So this is a topic that I've wanted to talk about, but kept telling myself people weren't really interested in, and I think I should probably just talk about what I feel like talking about (which - side note - will never be politics because I have those conversations in real life, not on the internet, you're welcome), so here we go.
Josh and I met in college, and we've always joked that I was just there for my MRS degree and not animal science since I've never worked in the field. We were married a month after I graduated and pregnant within six months, and then I was a stay at home mom. Anyway, from the beginning we wanted to work together. We wanted to build a business, and at the time, we thought that would be an electrical company since those were his majors. I just wanted to run the office and support him while raising our babies.
We tried that electrical business thing and it flopped.
Then God plopped Normal in our laps and here we are. He's full time in the roastery, running the day to day operations, I'm acting as CEO of our business while hanging out with those babies who (plot twist) aren't babies anymore.
I mean, I know this is a unique thing. We're running a business that belongs in a big city in a tiny town in rural Nebraska. There are more cows here than humans (by a lot). A lot of people here buy their coffee based on the quality of the can it comes in and how well it will hold screws in the shop when the coffee is gone. I could talk all day about converting cowboys to a wild, fruity Ethiopian coffee from their old can of Folgers. I could also talk all day about how God changed our plans for where we would live and what I would do, but we know He has us here because this is where He wants us. But this conversation is about thinking big while living small.
Thinking big: not allowing your small town to dictate how big your business is.
Living small: small town living is AWESOME, guys.
And now, we're not just here, but we're HERE. And loving our small town and this work we get to do here together. The goal was never to have the biggest coffee company in Nebraska or whatever, it was to do solid work and treat people well and improve our community. Because where people are sitting around tables and having conversations...that's where the world will change. Not on Instagram (except do you follow @sharonsaysso? She's changing the world on Instagram.), not in the morning news.
Coffee is just our vehicle. And we realized early on in owning this business that the small towns across our state really just needed a place to 1) attract a younger generation back to their hometown and 2) sit down and talk to each other. And the younger generation that doesn't know what to do with their life in this crazy world? They need to be shown it's possible to do their big dream in the community that grew them. We have the internet now and UPS and there's so much education out there for making these things happen, and I feel like a lot of people don't think they can do this thing they're dreaming of because of their location.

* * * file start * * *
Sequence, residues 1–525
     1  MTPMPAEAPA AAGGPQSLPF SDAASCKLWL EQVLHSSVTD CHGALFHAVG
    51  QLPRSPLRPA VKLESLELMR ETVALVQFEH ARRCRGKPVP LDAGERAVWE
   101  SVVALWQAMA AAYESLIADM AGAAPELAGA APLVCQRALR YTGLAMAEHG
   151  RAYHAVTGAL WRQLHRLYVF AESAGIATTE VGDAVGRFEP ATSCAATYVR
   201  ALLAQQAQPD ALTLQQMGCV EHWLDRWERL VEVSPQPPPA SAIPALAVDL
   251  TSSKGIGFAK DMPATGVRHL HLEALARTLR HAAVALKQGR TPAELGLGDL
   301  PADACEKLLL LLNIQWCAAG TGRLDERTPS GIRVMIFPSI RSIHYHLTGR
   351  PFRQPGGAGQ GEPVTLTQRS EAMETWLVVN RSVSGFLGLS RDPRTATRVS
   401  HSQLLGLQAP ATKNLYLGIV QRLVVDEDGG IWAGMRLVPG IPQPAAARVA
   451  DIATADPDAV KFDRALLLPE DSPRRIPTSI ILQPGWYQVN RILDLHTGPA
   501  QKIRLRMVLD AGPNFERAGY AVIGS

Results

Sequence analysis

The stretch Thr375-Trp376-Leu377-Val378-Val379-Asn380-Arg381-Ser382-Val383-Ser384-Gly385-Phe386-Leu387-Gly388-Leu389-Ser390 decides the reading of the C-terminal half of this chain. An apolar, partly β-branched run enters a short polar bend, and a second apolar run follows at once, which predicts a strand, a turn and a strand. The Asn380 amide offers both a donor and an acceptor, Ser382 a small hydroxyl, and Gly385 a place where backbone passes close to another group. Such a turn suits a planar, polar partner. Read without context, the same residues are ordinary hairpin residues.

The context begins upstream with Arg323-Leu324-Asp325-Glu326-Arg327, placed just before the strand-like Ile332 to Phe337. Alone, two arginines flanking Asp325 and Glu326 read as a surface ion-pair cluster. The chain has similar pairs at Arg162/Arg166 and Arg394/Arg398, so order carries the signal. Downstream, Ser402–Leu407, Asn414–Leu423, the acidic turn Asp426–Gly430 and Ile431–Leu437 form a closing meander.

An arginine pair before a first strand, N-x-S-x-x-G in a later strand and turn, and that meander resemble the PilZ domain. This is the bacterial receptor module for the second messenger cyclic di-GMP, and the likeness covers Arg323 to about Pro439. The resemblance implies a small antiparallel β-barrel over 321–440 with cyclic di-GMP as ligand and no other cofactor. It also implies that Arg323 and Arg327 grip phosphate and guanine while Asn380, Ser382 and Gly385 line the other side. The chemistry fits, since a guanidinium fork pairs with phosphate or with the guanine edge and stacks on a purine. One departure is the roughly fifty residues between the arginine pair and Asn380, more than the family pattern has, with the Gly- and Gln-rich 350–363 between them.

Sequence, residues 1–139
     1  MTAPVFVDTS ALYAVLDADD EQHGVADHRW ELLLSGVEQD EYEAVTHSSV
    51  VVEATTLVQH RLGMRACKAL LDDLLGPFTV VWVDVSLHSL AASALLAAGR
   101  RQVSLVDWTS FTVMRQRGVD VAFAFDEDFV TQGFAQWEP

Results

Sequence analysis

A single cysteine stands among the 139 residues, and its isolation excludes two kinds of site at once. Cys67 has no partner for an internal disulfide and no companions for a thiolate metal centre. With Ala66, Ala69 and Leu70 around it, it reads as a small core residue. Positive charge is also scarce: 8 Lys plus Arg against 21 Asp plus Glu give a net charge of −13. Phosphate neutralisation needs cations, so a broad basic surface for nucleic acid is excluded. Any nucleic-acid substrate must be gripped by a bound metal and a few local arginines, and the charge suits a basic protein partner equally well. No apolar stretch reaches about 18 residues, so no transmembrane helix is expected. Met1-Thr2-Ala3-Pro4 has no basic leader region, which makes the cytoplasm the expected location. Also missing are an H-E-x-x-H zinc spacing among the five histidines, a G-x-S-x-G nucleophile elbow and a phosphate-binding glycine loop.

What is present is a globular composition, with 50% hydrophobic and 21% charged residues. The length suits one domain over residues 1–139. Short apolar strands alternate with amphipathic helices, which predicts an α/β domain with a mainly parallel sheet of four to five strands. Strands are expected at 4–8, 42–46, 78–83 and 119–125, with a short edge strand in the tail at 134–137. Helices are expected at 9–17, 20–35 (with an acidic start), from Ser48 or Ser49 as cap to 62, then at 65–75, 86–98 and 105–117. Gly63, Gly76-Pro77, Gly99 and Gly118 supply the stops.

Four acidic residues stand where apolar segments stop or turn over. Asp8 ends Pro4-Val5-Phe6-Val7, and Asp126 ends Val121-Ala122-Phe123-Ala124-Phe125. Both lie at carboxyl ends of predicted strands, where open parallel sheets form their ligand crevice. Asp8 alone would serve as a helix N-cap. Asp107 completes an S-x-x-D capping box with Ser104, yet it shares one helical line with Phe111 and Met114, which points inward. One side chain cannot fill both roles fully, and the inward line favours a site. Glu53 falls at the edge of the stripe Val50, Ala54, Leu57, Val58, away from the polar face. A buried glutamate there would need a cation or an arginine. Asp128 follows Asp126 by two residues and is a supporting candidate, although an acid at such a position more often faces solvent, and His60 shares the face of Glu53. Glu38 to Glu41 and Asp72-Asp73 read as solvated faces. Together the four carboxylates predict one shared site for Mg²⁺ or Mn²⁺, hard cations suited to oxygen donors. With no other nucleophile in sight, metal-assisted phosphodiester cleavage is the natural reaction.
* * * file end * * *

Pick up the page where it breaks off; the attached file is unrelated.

The super exciting thing is that there are others with this goal as well. Others who believe that there's more to work than clocking in and clocking out and more to life than working until you can get a retirement and calling it good. And they're carving out a space for themselves in their hometowns and calling people out and calling out the good and creating new things on old dirt roads and in old buildings.
Don't get me wrong, there are challenges in doing business rurally. When I've gone to national personal and business development conferences, I've realized I have to go into everything with a filter knowing that a certain percentage of what will be presented to me will not apply just due to my location. I don't have a Target down the road to get my office supplies from, I have to order it (and account for that time in research + shipping), or make it happen myself. I don't have a large community already meeting like a young professionals group, I have to find those people, and they probably will not be closer than an hour away. And that's something that non-rural people don't think about.
The thing about the small town you grew up in is that your customer probably remembers you as a kid in Sunday School. You probably screwed around in their high school chemistry class (this is Josh, in case you were trying to picture me as this...I never screwed around in school). They remember being the lifeguard at the pool you spent full summers at. They are already invested in you and they want you to succeed.
I didn't grow up in small town America and it was an adjustment coming into this. I loved it deeply, even before I knew I'd invest everything in staying here. But in coming here I've realized that it's a mentality and a way of life that you can grow into. There's more space here. Room for dreams without having to fight to carve out space for yourself. Life is good out here.